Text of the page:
The Type 319 also includes the use of an Auxiliary Power Unit to reduce idle time fuel consumption, increase gas mileage, and maintain the crew's access to surveillance.
The armor of the Type 319 mostly consists of aluminum alloy that allows for relative lightness and protection from all directions from 14.5mm AP rounds. However, the underbelly is composed of a ceramic composite capable of resisting most roadside explosives, with protection levels from mines most comparable to a low-level mine-resistant vehicle. The frontal turret, likewise, is composed of a lighter composite to improve the protection of the RWS, giving it around 180mm of RHA equivalency. WRCO-92T Explosive Reactive Armor modules are compatible, typically applied along the frontal arc for increased protection. The interior of the hull has a liner of aramid fibers to protect the crew and equipment from spalling.
The interior of the Type 319 is environmentally regulated, with an HVAC maintaining proper ventilation and comfortable temperatures. In case of a chemical attack, all hatches are able to be sealed (including rear infantry door) to prevent toxins from entering, and filtration methods ensure the air inside the vehicle is safe to breathe. The environmental system also ensures the interior is positively pressurized, as to vent air outwards rather than take on exterior atmosphere in case of a breach. If equipped, a plastic expandable airlock can be equipped to extend out from the infantry ramp, with decontamination methods stored onboard for the infantry complement. The hull incorporates some radiation-resistant materials, which help protect the crew from a distant nuclear attack. The nuclear/radiological defense can be improved via the application of damp or outright wet sandbags.
Spysa Active Protection System
The Spysa APS consists of a spread of soft-kill measures linked with chaff, infrared and laser dazzlers, and a laser-based hard-kill mode linked to an MMW radar that tracks incoming projectiles. The laser hard-kill is mounted on the turret, while other components are spaced across the sides of the hull. The Spysa uses an FS-624 Joint Infrared Detector and Dazzler to detect and disrupt infrared lock-ons and guidance from threats such as infrared-guided air-to-ground payloads or anti-tank guided missiles. A laser detector and associated chaff system function in the same vein as the anti-infrared system, except disrupting line-of-sight missiles by detecting the target painted on the vehicle and dispensing chaff to break the lock. When a low-velocity projectile whose impact cannot be averted by soft-kill measures, such as an unguided rocket-propelled grenade or recoilless rifle, the Spysa-632 system steps in, delivering a concentrated blast of energy. This will in most cases vaporize, deflect, or destroy the airframe of an oncoming projectile.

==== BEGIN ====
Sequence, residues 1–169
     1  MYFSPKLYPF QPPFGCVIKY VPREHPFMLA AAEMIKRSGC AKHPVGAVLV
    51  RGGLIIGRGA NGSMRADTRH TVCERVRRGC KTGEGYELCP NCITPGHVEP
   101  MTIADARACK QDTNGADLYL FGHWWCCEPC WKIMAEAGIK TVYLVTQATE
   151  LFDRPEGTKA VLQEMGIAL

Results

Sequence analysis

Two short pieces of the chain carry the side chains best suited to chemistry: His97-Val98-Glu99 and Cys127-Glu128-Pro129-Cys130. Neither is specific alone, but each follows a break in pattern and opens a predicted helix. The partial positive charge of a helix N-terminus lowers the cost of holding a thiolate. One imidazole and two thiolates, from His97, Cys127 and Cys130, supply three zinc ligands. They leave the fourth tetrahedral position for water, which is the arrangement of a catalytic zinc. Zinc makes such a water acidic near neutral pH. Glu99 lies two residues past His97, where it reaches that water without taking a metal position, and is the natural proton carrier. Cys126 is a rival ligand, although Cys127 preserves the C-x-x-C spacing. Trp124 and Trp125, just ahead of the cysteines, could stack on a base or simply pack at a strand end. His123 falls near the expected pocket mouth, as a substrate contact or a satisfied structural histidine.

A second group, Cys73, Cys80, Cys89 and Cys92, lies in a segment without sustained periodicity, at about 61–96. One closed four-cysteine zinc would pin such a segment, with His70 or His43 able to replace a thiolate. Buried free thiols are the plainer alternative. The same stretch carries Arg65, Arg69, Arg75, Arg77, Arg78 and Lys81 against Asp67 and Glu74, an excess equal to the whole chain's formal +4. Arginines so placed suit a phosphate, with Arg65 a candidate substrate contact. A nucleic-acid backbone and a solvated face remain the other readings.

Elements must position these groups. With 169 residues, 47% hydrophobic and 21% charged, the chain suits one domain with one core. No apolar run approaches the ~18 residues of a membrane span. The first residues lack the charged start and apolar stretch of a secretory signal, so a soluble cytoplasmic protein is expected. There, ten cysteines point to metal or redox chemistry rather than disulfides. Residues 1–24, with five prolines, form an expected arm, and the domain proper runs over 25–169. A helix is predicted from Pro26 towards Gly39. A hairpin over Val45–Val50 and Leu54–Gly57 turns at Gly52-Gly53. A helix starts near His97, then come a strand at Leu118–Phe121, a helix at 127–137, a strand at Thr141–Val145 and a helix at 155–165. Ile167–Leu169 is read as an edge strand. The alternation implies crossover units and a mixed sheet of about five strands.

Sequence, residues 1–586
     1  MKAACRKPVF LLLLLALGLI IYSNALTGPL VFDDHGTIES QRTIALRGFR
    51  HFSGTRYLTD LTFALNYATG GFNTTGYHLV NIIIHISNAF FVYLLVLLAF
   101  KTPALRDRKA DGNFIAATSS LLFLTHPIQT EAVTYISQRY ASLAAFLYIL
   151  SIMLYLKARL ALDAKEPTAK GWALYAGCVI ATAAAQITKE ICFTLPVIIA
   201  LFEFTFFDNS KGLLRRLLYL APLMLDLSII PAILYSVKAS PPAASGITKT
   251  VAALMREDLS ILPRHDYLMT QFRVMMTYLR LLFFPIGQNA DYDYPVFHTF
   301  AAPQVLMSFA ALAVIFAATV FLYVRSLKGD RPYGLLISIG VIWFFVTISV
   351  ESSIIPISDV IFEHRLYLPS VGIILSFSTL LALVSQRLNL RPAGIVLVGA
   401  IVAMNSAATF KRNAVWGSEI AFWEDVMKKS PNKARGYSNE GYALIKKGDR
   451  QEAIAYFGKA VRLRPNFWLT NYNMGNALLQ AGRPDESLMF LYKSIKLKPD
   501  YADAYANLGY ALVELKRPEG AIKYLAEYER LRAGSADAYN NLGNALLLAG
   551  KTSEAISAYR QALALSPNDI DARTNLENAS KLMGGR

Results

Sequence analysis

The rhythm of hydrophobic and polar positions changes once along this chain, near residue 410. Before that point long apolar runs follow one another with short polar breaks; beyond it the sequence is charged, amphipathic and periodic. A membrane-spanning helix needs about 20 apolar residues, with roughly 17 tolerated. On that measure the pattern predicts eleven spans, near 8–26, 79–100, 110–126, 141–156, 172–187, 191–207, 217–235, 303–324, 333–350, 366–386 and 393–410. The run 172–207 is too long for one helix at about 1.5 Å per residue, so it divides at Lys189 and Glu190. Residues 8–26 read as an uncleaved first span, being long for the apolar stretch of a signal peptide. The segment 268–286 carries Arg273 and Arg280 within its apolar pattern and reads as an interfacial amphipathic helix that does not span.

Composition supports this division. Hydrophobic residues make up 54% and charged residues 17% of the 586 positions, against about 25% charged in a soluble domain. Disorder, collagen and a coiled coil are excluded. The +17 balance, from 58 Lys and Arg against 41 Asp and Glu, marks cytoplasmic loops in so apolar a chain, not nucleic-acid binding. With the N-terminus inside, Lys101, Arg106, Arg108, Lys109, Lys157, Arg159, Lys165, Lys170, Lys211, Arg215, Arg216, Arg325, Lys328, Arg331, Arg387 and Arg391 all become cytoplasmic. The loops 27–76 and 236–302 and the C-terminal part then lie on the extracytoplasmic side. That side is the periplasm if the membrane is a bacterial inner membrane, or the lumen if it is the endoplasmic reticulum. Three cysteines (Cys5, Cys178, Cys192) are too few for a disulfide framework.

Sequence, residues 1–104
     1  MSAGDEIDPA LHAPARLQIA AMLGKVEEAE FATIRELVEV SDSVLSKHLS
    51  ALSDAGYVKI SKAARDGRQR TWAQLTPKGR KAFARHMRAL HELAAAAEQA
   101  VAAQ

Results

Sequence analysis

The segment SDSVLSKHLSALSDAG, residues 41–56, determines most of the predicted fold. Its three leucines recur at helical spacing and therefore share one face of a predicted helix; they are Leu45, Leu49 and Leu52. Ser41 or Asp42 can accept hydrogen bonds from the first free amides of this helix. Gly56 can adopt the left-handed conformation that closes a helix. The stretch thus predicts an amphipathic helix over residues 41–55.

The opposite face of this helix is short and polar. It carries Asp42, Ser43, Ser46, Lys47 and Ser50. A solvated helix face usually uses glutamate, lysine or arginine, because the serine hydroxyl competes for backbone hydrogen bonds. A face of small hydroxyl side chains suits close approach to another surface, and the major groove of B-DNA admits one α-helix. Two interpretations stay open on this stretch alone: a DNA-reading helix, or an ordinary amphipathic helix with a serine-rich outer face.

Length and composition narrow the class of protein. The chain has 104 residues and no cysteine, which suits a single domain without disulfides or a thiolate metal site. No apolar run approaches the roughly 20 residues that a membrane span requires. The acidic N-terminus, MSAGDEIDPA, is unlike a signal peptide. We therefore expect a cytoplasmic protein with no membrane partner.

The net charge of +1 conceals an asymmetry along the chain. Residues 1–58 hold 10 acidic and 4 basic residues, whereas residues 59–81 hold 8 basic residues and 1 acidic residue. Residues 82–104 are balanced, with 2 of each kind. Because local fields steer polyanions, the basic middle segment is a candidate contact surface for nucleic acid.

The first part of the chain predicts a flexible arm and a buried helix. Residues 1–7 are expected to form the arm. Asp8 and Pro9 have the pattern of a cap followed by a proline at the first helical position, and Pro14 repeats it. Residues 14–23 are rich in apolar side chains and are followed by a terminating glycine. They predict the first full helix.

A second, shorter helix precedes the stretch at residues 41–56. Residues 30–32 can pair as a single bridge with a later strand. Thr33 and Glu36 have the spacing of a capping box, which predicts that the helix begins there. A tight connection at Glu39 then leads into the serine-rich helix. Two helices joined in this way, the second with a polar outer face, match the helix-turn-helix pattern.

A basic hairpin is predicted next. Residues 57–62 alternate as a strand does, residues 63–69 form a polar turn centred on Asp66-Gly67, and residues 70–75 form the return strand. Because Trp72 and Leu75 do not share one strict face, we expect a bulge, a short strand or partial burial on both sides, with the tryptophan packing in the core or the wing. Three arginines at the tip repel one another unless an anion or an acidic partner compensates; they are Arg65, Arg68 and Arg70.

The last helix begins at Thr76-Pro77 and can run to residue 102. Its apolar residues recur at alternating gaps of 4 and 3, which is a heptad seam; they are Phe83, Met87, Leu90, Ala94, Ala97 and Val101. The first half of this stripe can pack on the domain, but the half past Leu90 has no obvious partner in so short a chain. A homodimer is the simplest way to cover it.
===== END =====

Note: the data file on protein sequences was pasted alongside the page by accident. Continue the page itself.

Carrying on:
Because of the Spysa Active Protection System, the New Krasnoyarsk Vehicle Design Plant saw fit to decrease the armor in favor of mobility and troop space, as during most scenarios where the IFV is used properly, the "Sergeyev" will likely be faced with threats like infantry-based recoilless rifles and ATGMs, both of which are countered by the soft- and hard-kill systems of the Spysa.
To this end, the Type 319 becomes a nearly indomitable force in urban combat and infantry support.
The Type 319 was envisioned to keep pace with both the other vehicles in the Future Armor Program, so that they would be nearly complementary on the battlefield. As a result, the Type 319 can maintain 66 kilometers an hour with a WURCo. PDPA-850 870 horsepower diesel engine (in the water the engine is capable of producing 1,478 horsepower), as well as 31 kilometers an hour over water using two water jets located on the lower rear sides of the hull. It has a maximum range of 523 kilometers on land, and 120 kilometers on water.